Last week, the Illinois Senate followed the House to approve (unanimously) the revised version of the state video franchise bill.
To no surprise, the corporate media in Chicago, which gave the issue paltry coverage during the raging fight over the past four months, has now been giving it coverage in recent weeks. Example: The Chicago Tribble put the vote on the front page after the Illinois Senate voted earlier this month. For some reason, this article quoted the Citizens Utility Board, which was completely absent during the past four months on this fight, and which some allege has been too comfortably close with the phone lobby.
To their credit, the Tribble did opine on the matter in advance, publishing critical op-eds in advance, and even chiming in themselves.
Was the bill a good thing? Well, public access providers like CAN TV, along with Illinois-wide municipalities and mayors' groups, had been working furiously to get protections woven into the bill, and to a great extent appeared to succeed. This is a first at the very least -- usually the best option is to kill the bill. Here, folks argue that something good came out of it.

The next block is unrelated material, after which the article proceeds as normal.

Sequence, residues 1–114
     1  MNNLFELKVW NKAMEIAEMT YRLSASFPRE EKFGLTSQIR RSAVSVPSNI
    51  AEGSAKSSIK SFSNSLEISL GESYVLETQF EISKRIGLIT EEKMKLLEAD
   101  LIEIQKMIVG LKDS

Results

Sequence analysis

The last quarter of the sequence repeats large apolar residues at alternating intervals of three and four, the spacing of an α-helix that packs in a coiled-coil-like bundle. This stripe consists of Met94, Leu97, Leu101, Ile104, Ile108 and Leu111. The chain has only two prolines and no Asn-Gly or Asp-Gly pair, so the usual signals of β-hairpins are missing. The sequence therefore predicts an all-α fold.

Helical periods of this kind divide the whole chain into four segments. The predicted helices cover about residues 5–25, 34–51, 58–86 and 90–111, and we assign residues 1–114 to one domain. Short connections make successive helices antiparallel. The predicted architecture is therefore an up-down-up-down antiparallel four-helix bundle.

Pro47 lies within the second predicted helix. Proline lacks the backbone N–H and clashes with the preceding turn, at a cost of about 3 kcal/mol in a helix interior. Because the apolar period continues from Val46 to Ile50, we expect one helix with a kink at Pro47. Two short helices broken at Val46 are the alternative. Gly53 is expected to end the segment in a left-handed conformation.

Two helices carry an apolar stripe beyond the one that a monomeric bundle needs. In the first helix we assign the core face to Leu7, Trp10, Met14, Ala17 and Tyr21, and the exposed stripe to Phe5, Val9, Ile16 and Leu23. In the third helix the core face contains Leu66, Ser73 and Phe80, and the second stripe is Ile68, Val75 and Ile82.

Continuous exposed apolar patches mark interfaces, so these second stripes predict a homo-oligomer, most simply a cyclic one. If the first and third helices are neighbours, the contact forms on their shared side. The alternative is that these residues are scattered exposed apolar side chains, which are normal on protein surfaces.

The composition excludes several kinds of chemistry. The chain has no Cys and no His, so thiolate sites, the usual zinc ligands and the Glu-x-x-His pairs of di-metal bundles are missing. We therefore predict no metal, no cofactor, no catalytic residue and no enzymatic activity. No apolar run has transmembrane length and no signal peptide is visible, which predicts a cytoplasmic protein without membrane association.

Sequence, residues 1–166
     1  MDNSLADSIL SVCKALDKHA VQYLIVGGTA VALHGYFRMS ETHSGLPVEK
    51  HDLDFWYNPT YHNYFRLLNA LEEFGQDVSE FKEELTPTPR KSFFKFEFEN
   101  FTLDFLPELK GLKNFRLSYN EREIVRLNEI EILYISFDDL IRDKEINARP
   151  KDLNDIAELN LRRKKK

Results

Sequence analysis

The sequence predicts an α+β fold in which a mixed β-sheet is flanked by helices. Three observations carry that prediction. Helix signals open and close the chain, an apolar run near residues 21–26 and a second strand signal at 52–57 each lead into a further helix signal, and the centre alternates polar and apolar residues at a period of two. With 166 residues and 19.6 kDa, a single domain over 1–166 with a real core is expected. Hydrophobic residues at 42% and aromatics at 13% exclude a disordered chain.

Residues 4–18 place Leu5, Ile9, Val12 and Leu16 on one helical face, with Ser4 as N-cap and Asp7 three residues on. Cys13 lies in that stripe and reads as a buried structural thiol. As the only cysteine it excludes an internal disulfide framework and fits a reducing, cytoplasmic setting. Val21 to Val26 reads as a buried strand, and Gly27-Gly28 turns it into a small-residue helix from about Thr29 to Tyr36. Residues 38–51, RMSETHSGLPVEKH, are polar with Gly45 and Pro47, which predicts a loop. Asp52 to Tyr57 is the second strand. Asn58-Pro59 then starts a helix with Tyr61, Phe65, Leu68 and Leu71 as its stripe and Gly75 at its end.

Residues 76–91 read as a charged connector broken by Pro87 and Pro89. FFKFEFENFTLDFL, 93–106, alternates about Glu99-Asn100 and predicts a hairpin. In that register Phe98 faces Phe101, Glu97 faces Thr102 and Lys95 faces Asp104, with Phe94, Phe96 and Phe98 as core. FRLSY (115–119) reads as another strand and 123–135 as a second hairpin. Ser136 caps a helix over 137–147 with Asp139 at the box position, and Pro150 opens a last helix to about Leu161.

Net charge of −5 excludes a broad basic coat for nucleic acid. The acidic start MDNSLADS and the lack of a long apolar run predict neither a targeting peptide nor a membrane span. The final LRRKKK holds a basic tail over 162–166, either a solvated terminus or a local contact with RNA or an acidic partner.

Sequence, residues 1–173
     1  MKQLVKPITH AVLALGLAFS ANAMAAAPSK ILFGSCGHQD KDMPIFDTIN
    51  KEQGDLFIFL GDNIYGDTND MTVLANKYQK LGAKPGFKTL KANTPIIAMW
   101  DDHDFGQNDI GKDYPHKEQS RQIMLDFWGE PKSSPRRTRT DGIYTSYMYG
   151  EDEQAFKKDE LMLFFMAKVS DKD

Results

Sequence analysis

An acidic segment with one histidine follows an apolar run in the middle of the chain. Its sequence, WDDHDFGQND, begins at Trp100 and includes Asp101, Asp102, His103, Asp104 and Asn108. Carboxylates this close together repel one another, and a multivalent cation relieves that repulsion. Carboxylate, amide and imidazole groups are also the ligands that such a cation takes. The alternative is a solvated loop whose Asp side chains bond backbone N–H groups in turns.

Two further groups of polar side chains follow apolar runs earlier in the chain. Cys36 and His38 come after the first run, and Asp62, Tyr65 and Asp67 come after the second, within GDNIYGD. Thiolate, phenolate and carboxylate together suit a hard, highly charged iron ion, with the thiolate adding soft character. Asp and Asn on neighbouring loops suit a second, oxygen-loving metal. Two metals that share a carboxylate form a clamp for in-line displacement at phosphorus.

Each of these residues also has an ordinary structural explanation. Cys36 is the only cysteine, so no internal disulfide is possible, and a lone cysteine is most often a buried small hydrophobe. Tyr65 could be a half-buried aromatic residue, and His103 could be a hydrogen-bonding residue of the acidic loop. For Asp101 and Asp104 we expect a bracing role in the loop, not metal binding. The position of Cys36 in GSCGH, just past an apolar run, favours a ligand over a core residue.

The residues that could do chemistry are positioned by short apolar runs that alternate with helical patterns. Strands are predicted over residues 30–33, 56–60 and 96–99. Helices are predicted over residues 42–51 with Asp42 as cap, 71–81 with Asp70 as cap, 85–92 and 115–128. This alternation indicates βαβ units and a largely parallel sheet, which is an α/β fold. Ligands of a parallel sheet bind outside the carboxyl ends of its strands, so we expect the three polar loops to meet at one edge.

Others in the media activist community point out that we slip further behind in international rankings for digital media infrastructure buildout ("We're 24th! We're 24th!") and this bill -- indeed, the panoply of state video franchises littering the legislative landscape -- aren't bound to help, and in terms of our media infrastructure, we're the punchline to a bad joke.
UPDATE: It's official. On June 30, Illinois governor Rod Blagojevich signed the bill into law.
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